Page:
But I still wish they’d just did a “room” recording, no compression or gated reverb or whatever they did to it.

There should probably be a word in German for when you are happy and impressed by someone’s achievement and at the same time intensely jealous why you cannot do it yourself. Wonder what it could be?

It was also edited. There was a part where a cymbal sounded but she didn’t hit it.

That said, I don’t blame her for that though. Her time was great and her technique was solid. Makes me think I would have been a better drummer if I wouldn’t have begged off the piano lessons my parents wanted me to take.

What really helped me was liquor and adderall in a windowless practice space for 12 hours at a time.

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You are correct that it’s not the original audio. She clarifies in the YouTube comments:

hey daria! good eyes, so I couldn’t use the original audio because you could hear the neighboring drums quite loudly in that studio. Had to re-record afterwards and overlay, but I promise it’s me playing :frowning: I should probs clarify this in the video or description tho


Ha! That would do it. The only instrument I can play while I’m drinking is the piano, though. I mostly play guitar these days, but any more than two drinks and everything starts to fall apart. I think piano is just burned into my soul after all the lessons and exams I took as a kid.

I don’t know what it is about drums that gets me. Probably the fact that I need to coordinate my entire body to make it work.

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It took me about an hour a day for a week of forcing my arms and legs to work semi-independently to get the basics of standard rock drumming back when I was about 20. No lessons, no videos, just hearing John Bonham’s beat from “When The Levee Breaks” in my head and trying to do it until I sounded reasonably smooth and not clunky. Then a host of other beats came easy, just no fancy fills.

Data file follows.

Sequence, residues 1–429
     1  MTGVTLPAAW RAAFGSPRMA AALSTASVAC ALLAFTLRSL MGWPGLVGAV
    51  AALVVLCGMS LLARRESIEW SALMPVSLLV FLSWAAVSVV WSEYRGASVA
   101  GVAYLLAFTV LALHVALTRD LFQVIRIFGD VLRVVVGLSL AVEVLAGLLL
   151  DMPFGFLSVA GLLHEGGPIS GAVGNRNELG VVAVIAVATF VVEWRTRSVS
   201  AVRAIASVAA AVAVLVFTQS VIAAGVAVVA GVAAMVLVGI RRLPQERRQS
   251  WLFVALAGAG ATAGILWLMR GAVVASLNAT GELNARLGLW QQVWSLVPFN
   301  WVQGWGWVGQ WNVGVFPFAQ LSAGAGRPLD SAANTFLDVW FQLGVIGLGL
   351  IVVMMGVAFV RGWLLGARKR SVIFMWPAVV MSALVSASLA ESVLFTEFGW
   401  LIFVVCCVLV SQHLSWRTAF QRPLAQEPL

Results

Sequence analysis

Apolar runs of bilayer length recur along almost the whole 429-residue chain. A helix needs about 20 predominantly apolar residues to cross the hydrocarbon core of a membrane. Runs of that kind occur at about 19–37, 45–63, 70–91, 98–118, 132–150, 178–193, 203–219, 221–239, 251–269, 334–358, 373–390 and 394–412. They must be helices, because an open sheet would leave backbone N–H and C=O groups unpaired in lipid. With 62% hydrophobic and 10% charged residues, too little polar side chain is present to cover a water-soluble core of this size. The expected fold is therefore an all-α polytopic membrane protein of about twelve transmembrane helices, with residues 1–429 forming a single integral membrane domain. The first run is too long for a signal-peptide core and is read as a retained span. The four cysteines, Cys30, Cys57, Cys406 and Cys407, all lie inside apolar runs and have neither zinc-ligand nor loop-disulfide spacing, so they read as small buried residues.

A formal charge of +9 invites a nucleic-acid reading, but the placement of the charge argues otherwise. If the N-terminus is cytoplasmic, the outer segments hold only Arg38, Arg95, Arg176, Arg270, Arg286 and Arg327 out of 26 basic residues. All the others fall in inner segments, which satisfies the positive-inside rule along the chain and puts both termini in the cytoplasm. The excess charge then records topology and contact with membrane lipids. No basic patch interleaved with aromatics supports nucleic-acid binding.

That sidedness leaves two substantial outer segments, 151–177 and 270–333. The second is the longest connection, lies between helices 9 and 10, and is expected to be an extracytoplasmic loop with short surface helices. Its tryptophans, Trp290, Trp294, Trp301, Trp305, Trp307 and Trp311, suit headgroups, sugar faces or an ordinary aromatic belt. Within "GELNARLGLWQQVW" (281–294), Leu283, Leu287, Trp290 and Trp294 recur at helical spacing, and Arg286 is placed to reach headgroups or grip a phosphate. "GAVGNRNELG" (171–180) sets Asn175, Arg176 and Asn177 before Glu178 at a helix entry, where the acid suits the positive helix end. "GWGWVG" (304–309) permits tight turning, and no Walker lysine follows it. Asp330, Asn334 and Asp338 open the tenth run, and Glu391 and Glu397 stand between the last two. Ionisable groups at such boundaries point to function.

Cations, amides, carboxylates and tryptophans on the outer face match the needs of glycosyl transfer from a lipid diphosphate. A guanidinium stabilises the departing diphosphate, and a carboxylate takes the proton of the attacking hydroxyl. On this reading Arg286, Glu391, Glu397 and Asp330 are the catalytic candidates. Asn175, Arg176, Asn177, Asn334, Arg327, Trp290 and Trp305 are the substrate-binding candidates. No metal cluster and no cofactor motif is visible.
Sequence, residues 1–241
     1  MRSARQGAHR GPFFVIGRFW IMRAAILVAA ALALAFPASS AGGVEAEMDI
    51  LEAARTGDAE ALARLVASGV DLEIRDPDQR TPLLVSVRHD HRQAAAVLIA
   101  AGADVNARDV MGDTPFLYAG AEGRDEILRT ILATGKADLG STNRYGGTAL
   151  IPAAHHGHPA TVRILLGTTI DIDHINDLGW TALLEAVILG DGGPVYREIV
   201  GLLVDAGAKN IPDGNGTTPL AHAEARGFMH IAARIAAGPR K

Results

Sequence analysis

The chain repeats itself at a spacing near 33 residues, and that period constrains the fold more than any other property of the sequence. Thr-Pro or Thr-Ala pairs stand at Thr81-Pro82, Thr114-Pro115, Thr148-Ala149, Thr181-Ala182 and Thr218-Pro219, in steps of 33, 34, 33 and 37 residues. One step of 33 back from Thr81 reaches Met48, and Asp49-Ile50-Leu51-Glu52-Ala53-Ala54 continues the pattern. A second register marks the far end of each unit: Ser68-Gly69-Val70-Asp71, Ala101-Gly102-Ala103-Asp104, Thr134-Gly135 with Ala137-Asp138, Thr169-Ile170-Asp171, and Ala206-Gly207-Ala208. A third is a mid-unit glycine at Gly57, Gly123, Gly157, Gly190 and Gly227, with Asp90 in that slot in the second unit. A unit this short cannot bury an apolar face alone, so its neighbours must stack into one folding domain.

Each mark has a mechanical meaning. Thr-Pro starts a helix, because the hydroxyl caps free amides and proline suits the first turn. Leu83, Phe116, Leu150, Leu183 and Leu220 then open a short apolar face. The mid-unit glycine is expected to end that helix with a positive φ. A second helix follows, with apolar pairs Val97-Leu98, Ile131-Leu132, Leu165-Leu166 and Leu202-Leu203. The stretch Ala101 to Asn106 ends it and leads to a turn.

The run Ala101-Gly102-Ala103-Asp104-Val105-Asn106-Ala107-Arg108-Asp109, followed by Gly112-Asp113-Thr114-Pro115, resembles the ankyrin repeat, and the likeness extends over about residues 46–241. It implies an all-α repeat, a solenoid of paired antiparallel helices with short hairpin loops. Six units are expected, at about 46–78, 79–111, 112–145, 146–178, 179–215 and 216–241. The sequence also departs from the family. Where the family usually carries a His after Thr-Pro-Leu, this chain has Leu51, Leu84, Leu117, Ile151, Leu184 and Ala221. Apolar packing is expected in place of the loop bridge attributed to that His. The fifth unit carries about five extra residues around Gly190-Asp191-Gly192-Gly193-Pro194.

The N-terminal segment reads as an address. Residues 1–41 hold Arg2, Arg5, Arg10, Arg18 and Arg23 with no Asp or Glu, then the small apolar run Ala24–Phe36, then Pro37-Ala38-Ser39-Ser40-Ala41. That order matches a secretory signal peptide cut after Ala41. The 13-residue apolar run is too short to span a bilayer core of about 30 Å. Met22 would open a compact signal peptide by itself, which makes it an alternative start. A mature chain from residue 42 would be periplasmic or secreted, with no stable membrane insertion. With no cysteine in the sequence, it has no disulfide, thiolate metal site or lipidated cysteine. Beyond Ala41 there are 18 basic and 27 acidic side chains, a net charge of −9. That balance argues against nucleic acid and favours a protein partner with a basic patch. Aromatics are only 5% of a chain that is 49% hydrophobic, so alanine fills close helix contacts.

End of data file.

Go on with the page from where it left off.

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Very entertaining video, looks like a lot of interesting things on her channel already, hope she stays with it. Learning new tasks like this keeps you young, they say. Some years ago the late Neil Peart gave Rick Mercer a drum lesson, it went OK I guess:


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Very cool journey! I wish they’d showcased her actual performance, something’s fishy since her drums aren’t mic’d up. And there’s a cymbal crash that isn’t accounted for visually at 9:14. Still, good for her, excellent progress, and very impressive outcome. Drums are much fun to play.

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Why start with the hurdles when you can go straight to the pole vault and set it on the highest bar!

One lesson I’ve learned when it comes to timing and feel is the best practice is to play along with the original at slightly less volume… when you’re not thinking about the timing and when 'you can’t hear yourself’ you’re in the pocket!

I thought the same thing. Where are all the mics? Those drums we’re hearing had more mics on them than what we’re seeing.